But unlike our problem child, Peake seems to be an exemplary citizen. Because of an ACL injury just prior to his junior season he was redshirted, and so is older than most prospects.

He has already graduated, earning a degree in Parks, Recreation & Tourism Management in December of 2014. He stayed on as a graduate student.

As he told the audience at a Coaches4Character event,

​“Football can be taken away from me at any moment. But not my degree.”

But injuries weren’t the only thing holding Peake back at Clemson. When you’re in a depth chart behind Sammy Watkins and DeAndre Hopkins, not to mention Martavis Bryant, you aren’t going to get a lot of looks. Peake made the most of his redshirt senior season, with 50 catches and over 700 yards. His blazing fast 40 time at the Clemson Pro day (4.37), along with his size (6’3, 230 lbs.) has moved him steadily up the boards. Prior to that, he turned some heads at the Senior Bowl:

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While the chances of the Steelers drafting a 24-year old wide receiver with two previous knee surgeries as high as the third round are not particularly good, Peake seems like an interesting prospect, and I wish him the best wherever he ends up. If that’s with the Steelers, look out, NFL…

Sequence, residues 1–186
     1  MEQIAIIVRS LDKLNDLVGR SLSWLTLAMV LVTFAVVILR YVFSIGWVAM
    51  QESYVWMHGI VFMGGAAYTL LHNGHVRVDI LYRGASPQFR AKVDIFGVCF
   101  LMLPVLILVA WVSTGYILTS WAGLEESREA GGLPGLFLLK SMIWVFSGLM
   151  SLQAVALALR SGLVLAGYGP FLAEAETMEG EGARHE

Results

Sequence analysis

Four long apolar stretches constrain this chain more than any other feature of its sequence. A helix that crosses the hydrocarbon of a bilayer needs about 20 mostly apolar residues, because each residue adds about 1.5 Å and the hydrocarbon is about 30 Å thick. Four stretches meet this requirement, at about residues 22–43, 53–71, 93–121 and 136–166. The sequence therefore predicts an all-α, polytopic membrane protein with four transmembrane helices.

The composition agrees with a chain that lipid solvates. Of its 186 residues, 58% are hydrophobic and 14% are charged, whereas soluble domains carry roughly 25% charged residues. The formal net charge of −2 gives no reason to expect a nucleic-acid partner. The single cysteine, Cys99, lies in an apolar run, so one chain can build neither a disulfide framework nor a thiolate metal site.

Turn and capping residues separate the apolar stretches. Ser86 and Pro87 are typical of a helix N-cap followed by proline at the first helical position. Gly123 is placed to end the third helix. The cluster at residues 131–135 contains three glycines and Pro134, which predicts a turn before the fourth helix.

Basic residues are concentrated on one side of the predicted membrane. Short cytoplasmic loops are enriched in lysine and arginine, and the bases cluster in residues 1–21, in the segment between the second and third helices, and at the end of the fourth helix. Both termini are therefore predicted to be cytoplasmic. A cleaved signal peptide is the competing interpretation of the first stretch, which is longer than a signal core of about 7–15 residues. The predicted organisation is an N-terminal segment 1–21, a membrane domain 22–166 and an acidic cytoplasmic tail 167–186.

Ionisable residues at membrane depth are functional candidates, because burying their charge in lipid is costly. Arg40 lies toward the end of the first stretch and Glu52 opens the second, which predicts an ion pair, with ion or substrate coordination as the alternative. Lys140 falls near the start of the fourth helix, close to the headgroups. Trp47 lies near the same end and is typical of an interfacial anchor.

Vadal AlexanderVadal Alexander, OG/OT
As already noted, the Big Eaters are at a disadvantage in this competition, and when you start looking at a Prodigious Eater like Alexander (combine weight 336 pounds, real weight, who knows?) it gets really tough.
But Alexander has an adorable smile and is well-proportioned for his tonnage, so here he is. Besides, maybe I can come up with an all-Alexander draft, beginning with MacKensie Alexander in Round One. We’ll see where that goes…
Alexander is a driven, motivated football junkie, as he describes himself. As reported by the Times-Picayune in January:

At age 7, he forsook his beloved trips to New Orleans to spend the summer and holidays with his grandmother because he wanted to train for football in his spare time.